Lakers Report Cards: Luke Walton
With conflicted feelings swirling in his mind, Lakers forward Luke Walton entered his exit interview ready to share his sentiments about playing for Coach Phil Jackson while honestly expressing his frustration over a diminished role.
Over the years, Jackson has often joked that he viewed Walton as his "son," with similarities running strong. They had both been hungry utility players, strong proponents of the triangle offense, and, in the eyes of many Lakers fans, the relationship resulted in Jackson elevating Walton to a role he didn't deserve. Too bad that didn't actually fit the reality of the 2010-2011 season, in which Walton played a career-low nine minutes per game, averaging just 1.7 points on 32.8% shooting even though his back was healthy. That's why Walton's exit interview was sentimental, because of the deep respect he has for Jackson, but equally frustrating because of his diminished role.
“It was very hard. I worked extremely hard this summer to get my back to a level that I could compete and play and help this team, and obviously getting hurt in training camp didn’t help, but I still felt like once I was healthy again and coach knowing what I could do, I’d be able to contribute a lot more than he let me," Walton said during his exit interview. "But [Phil] told me that his game plan was to have the second unit play at a much faster speed than the first unit. I’m more of a let’s bring it up, run the offense and execute, and it kinda left me out of the rotation a little bit, which hurt a lot. But the team was winning, so as long as the team was winning, that’s all that really matters.... So with the sudden loss in the playoffs, now it looks even a little worse. ... I talked with coach for a while, I felt like I had to get some stuff off my chest that had been bothering me, but all in a very respectful way. I told him he means the world to me.”
Walton's situation never created friction in the locker room because of his strong relationship with Jackson and Walton's team mindset. Nonetheless, Walton was delusional in thinking he earned more of an opportunity. I had long touted the value Walton had in running the triangle correctly and organizing the bench, a quality that often gets lost in the never-ending hysteria surrounding the six-year, $30-million deal he signed following the 2006-2007 season.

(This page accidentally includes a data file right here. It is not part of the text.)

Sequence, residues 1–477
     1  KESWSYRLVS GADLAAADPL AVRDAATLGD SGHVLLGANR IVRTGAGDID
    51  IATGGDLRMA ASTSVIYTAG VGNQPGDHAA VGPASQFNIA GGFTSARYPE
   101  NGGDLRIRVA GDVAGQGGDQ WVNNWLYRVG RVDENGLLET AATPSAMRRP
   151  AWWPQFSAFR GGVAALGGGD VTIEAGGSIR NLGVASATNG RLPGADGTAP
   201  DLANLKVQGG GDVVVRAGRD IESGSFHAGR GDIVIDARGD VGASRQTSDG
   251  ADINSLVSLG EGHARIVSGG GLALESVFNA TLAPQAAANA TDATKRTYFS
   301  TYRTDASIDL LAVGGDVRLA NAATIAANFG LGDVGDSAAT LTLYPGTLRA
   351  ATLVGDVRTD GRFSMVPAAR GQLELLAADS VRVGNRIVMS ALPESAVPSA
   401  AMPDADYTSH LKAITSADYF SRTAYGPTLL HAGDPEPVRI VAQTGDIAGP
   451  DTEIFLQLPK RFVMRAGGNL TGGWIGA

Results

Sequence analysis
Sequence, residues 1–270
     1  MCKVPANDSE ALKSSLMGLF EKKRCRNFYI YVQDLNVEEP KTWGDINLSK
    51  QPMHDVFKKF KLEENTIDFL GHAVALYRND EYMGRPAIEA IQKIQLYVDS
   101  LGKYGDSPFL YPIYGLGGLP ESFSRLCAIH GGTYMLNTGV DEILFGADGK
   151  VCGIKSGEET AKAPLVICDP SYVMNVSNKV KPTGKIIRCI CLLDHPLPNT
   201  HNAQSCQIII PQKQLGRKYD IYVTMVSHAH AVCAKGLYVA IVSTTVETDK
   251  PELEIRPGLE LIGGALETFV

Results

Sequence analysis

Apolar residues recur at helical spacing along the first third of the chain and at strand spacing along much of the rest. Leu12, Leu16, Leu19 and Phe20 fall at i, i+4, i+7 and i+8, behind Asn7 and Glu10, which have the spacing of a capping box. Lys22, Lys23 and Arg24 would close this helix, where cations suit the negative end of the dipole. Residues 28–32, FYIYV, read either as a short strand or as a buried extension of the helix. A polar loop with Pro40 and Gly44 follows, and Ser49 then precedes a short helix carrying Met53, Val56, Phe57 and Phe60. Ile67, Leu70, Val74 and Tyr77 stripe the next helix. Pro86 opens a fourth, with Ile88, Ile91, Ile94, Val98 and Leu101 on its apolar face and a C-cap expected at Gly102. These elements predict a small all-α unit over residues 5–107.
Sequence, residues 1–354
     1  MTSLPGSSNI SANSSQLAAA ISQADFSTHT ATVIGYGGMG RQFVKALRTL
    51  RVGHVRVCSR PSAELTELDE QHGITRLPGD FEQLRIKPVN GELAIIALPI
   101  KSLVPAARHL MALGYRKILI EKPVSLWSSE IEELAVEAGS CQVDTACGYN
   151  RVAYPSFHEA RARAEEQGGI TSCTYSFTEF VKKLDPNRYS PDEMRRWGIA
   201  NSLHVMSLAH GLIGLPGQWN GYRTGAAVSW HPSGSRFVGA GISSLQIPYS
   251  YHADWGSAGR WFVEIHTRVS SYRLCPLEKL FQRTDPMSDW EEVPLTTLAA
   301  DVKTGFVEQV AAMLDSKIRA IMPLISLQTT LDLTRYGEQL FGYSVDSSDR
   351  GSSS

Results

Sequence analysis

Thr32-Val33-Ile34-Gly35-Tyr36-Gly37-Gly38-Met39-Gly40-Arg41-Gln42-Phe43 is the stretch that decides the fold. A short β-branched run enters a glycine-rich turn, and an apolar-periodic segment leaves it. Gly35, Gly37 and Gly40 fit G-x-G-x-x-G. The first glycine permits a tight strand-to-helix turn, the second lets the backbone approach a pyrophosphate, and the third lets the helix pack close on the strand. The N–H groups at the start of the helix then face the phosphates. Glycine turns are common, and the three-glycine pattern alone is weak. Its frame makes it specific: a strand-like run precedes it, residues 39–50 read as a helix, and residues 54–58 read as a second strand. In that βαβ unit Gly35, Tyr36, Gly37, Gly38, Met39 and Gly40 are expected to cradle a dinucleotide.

But Walton's shot selection and overall athleticism made him a less desirable option for much playing time. Besides, it was going to be hard for him to eat minutes from Lamar Odom and Matt Barnes, whom the Lakers signed last off-season in case Walton's back became an issue again. In fact, Walton's playing time actually would've diminished even more had Devin Ebanks had not injured his left tibia in the final six weeks of the season.
Surely, with the Lakers showing little semblance of the triangle and the bench continuing to play inconsistently, it would've been understandable if Jackson had given Walton a shot in the postseason. But Walton's strong work ethic and mastery of the concepts proved less important than his actual on-court abilities. That's why the 2010-2011 campaign proved frustrating for reasons beyond the Lakers' failed postseason run. Just when Walton finally became healthy, the Lakers had already acquired players around him that made him less useful. That feeling is certainly more painful than a pinched nerve in his lower back, leading to more uncertainty about whether his role will change much at all.
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Photo: Lakers forward Luke Walton during warmups before an April game against San Antonio. Credit: Lawrence K. Ho / Los Angeles Times